Breast Cancer

Understanding treatment for breast cancer and how it is delivered

Last modified: March 15, 2022

What are the treatment options for breast cancer? Treatment options

The treatment options for breast cancer include surgery, chemotherapy, radiation therapy, hormone therapy and targeted therapies. The type of treatment you receive will depend on several different considerations, such as the type of breast cancer you have, its stage, your overall health and your treatment preferences.

Types of breast cancer treatmentTypes of treatment

Surgery for breast cancerSurgery

Surgery is commonly performed for people with breast cancer to remove cancerous tissue, identify whether the cancer has spread to the lymph nodes and, if possible, reconstruct the breast. Most people with breast cancer will receive surgery at some point during their treatment.

There are two types of surgery: breast conservation, also known as lumpectomy, where the cancer is removed with a rim of normal tissue; or mastectomy where the entire breast is removed.

After breast conservation surgery, a course of radiation therapy is usually recommended.

Cancer cells can travel from the breast in channels called lymphatic vessels and collect in nearby lymph nodes. To find out if the breast cancer has spread to lymph nodes in your underarm, one or more of these lymph nodes will be removed and looked at under the microscope. The most common form of lymph node surgery is called a sentinel node biopsy.

The sentinel lymph nodes are the first lymph nodes(s) that breast tissue, in the area of the tumour, drain into. This procedure requires injection of a special form of dye into the breast just prior to the surgery. A nuclear scan, called lymphoscintiography, and/or blue dye helps the surgeon locate the sentinel lymph nodes at the time of surgery.

If a sentinel lymph node biopsy is not appropriate or possible in your case, the surgeon will usually perform armpit surgery. This is when the surgeon removes most of the lymph nodes from the armpit, also called the axilla. Every person has a different number of axillary lymph nodes. An axillary dissection may also be recommended if cancer cells are found in your sentinel lymph nodes. This can occur as part of your breast cancer surgery or as a separate operation.


A lumpectomy, also known as breast-conserving surgery or partial mastectomy, is a procedure which focuses on removing the least amount of healthy tissue as possible when excising the breast cancer tumour/s. Lumpectomy may help in maintaining the appearance of your breast. Most women will be recommended radiation therapy after a lumpectomy.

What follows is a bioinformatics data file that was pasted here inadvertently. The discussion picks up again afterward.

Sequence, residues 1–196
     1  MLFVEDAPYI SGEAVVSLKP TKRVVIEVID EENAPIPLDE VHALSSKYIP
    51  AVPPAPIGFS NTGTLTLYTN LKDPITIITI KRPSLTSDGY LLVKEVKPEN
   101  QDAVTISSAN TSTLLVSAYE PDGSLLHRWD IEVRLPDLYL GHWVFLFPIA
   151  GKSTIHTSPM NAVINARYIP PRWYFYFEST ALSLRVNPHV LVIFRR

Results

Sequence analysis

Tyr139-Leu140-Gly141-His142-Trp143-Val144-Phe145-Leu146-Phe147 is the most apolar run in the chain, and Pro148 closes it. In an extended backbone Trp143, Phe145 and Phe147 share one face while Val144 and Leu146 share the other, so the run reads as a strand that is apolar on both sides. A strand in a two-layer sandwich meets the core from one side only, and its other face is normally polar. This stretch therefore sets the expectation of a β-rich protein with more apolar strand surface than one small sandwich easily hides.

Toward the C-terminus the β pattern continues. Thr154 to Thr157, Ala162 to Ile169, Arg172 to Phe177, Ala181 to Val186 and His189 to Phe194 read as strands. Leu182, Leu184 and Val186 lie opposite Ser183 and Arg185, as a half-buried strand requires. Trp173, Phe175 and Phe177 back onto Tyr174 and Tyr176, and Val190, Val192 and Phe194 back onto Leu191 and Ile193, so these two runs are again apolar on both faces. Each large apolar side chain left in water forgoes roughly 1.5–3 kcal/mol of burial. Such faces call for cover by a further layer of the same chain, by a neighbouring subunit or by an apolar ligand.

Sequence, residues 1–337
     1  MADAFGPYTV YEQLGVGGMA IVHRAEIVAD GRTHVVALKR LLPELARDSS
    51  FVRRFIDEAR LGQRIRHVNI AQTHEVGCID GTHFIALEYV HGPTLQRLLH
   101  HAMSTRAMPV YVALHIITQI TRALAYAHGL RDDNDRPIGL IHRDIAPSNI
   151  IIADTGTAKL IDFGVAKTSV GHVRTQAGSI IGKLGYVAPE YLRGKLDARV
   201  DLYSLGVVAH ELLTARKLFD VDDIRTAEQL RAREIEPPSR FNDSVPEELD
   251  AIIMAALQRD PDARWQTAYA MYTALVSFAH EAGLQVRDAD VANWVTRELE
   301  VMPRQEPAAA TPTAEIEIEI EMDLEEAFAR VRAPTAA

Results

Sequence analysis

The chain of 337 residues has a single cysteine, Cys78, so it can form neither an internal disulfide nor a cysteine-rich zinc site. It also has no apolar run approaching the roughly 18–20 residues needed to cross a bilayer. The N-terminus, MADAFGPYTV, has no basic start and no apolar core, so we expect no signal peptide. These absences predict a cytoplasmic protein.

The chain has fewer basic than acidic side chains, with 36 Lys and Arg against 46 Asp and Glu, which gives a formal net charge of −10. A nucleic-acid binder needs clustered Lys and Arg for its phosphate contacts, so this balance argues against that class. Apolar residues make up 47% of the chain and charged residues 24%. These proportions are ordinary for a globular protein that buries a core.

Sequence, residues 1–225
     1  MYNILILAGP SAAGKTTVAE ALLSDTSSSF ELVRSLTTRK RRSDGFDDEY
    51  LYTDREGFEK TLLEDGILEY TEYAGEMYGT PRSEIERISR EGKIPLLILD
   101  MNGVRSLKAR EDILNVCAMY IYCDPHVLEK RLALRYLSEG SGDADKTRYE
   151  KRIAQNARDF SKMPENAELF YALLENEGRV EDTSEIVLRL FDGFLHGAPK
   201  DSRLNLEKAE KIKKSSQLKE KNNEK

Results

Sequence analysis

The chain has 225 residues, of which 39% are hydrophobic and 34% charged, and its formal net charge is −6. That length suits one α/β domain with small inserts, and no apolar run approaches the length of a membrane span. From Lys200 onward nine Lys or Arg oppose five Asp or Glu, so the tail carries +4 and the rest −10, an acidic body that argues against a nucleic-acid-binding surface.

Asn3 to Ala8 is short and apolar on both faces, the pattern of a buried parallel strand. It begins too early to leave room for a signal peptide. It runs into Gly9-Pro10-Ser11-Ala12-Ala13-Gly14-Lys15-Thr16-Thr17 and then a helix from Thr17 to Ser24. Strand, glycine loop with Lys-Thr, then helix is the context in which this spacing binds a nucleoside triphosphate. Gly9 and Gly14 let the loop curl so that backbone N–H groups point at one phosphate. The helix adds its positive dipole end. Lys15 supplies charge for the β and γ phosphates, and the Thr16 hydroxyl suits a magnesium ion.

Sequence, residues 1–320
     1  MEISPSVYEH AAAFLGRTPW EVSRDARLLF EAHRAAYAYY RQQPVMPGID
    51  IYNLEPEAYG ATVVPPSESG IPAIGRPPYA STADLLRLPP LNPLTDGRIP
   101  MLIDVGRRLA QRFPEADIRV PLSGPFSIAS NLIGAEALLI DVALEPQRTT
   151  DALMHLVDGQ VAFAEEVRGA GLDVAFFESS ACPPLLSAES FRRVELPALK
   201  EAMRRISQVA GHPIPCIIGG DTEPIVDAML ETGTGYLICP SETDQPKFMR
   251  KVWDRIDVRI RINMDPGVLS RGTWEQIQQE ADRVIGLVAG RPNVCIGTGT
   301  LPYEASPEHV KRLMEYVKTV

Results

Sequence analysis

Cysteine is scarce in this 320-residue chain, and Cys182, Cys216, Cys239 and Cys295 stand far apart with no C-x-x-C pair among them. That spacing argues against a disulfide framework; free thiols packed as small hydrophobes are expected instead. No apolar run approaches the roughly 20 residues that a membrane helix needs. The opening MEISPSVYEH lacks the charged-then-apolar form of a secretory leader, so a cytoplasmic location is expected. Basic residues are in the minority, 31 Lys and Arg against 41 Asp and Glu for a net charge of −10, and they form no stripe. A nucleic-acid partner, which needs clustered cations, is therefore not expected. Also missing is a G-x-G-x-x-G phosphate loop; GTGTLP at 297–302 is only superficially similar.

Mastectomy refers to the surgical removal of the entire breast to prevent or treat breast cancer. There are many different types of mastectomies performed today including:

Total mastectomy

Removal of the entire breast including the nipple, areola and skin.

Skin-sparing mastectomy

Removal of the breast tissue, nipple and areola but not the skin. This offers an improved appearance but may not be suitable for certain cancers.

Nipple-sparing mastectomy

Removal of the breast tissue but not the skin or nipple. This may be an option for small, early tumours that do not affect the nipple or skin.

Bilateral mastectomy

Removal of both breasts. This is often a preventive surgery for women at high risk of breast cancer.

Chemotherapy for breast cancerChemotherapy

Chemotherapy uses different medicines to kill and slow the growth of breast cancer cells. These drugs may be delivered at any stage of your breast cancer treatment, from shrinking large tumours before surgery to destroying potential remaining cancer cells after surgery. Chemotherapy plays an important part in reducing the risk of your breast cancer returning in both the breasts and the rest of the body.

Learn more about chemotherapy and how it is delivered.

Chemotherapy for breast cancer takes place over several sessions, given once every one to three weeks depending on the type of treatment regimen used. This is known as a cycle. Your care team will walk you through how many cycles you may need for your treatment.

Radiation therapy for breast cancer Radiation therapy

Radiation therapy treatment is usually used for breast cancer patients who have had breast-conserving surgery (lumpectomy), and sometimes after a mastectomy. If you are scheduled to receive chemotherapy after your surgery, radiation therapy will typically be delivered following chemotherapy.

Although traditionally radiation therapy has been delivered over a period of five to six weeks, with recent advances in radiation therapy technology many patients can now receive their treatment across three to four weeks or even shorter in certain cases.